Perhaps you remember some of the names from history class, but to understand how Europe looked in the 1500s, here are those who ruled and the land they claimed.
Some of the largest land rulers were Sigismund I, who served as King of Poland; Maximilian I, who was a German king and Holy Roman emperor; and Selim I, who ruled over the Ottoman Empire.
Potatoes in the 20th Century
It's the fifth most important crop worldwide, but it wasn't until Christopher Columbus brought the potato to Europe that it became one of the continent's biggest crops.
This map shows potatoes are a big industry in Central Europe.
Did you know the quotation mark is not used the same across countries?
Here is where you'll find quotations and where you will find arrows as quotations.
Oldest Football Clubs
European football got its start in England, where the Football Association was first founded in 1863.
The sport was so beloved and spread so quickly that by 1904 the International Association of Football (FIFA) was formed.
Heads of State Gender
Europe is still a man's world, where just over a handful of countries are led by women.
- The heads of state (as opposed to heads of government) for the United Kingdom and Denmark are royalty: Queen Elizabeth II and Queen Margrethe II, respectively.
- Estonia's head of state is President Kersti Kaljulaid.
- Georgia's head of state is President Salome Zourabishvili.
- Slovakia's head of state is President Zuzana Caoutova.
- Switzerland's head of state and government is President Simonetta Myruam Sommaruga.
In 2019, Europe's busiest airport was London's Heathrow Airport, which saw 80,844,310 passengers.
The top five also included:
- Paris Charles de Gaulle Airport (76,150,007)
- Amsterdam Airport Schiphol (71,707,144)
- Germany's Frankfurt am Main Airport (70,556,072)
- Adolfo Suárez Madrid–Barajas Airport (61,734,037)
Free to Roam
Not all countries of the world welcome visitors with only a passport, but many European nations can get close. There are 195 countries recognized by the United Nations and Finland, Germany and Spain are welcome to 172.
Armenia, Azerbaijan and Kosovo are the only countries in Europe that fall below 100, with Kosovo allowed to visit just 54 countries with a passport at the time this map was made.
You can find your own passport index here.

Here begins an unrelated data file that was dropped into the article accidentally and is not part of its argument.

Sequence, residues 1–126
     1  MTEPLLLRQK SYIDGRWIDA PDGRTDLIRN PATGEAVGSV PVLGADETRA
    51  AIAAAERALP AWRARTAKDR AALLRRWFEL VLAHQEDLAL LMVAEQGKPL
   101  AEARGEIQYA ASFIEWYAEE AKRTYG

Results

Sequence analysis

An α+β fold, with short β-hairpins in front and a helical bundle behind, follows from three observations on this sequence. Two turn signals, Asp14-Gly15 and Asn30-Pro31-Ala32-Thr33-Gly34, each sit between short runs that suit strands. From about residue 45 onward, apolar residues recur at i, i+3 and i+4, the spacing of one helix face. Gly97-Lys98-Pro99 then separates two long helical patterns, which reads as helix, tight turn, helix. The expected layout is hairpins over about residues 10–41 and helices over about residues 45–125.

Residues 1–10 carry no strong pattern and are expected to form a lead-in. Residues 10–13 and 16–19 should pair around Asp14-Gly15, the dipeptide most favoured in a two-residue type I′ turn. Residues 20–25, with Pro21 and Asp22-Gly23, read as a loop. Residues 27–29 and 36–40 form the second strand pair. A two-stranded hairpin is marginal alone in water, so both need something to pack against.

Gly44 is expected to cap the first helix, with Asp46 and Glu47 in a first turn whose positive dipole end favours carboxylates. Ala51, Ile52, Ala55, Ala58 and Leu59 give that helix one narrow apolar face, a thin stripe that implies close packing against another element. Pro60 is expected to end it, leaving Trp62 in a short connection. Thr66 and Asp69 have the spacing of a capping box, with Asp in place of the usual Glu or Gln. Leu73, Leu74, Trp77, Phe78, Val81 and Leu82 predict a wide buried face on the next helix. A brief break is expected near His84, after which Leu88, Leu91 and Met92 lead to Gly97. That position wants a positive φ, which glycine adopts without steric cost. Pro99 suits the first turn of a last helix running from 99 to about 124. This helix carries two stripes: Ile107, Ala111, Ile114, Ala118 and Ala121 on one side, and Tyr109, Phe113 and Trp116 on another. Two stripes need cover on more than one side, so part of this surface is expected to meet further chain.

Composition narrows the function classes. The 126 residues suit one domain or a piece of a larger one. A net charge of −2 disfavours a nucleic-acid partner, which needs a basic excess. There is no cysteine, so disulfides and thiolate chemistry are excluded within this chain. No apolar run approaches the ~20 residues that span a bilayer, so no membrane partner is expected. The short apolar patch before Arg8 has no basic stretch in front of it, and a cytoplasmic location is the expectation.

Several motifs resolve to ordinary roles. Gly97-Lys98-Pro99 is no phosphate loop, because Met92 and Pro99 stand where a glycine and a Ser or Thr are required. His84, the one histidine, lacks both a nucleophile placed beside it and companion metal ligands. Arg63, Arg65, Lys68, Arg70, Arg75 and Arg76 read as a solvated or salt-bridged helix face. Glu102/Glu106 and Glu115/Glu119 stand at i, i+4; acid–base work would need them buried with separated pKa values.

Camino de Santiago Routes
The Camino de Santiago, or the Way of St. James, is a pilgrimage dating back to medieval times but made more famous in modern times following a recording of Brazilian author Paulo Coelho's "The Pilgrimage" in 1987.
A UNESCO World Heritage Site, The Way (as it is called) has multiple routes originating in Spain, France and Portugal to Santiago, located in northwestern Spain.
Close to Nuclear
This map shows a 100-kilometer radius (62 miles) around all of the nuclear power plants in Europe. (Although it left out the Krsko plant near Zagreb, Croatia, and Ljubljana, Slovenia.)
The two empty circles in the United Kingdom represent two new plants being developed.
Before you travel to a city in Europe, learn the local way to pronounce it, as not all cities sound the same as they do in English.
This is how Europe looked during the 14th century.
England, Scotland, Portugal, Norway, Denmark and Sweden have remained the most constant over the centuries.
The United States set drinking limits to the age of 21, but Europeans are known to be less strict. Most countries allow ages 16 and up to drink and purchase alcohol at a liquor store.
Iceland and Sweden set the highest limits: age 20 for purchasing in a liquor store. (But they can be served at a bar at 18.)
Note: We found Lithuania to be incorrect on this map, with a drinking age and purchasing age of 18.
Europe After Constantinople Became Istanbul
The Sack of Constantinople took place in 1204, destroying much of the Byzantine Empire.
This was part of the Fourth Crusade, and once the city (now known as Istanbul) was sieged, its land was divided.
Facial recognition is used in some countries to identify potential crime suspects. Police may use it when surveying crowded areas, such as concerts and football games.
Many countries in Europe allow police to use facial recognition.
Against the Death Penalty
By the 2000s, all of Europe had abolished the death penalty, with the exception of Belarus.
Time zones begin and end in Greenwich, England. The Prime Meridian that passes through it is recognized as Universal Time, or Greenwich Mean Time (GMT).
But the line isn't straight!
This map will show you how to keep track of the time in Europe.
When Homes Were Made
This map, created in 2011, gives us a glimpse at when most dwellings were constructed.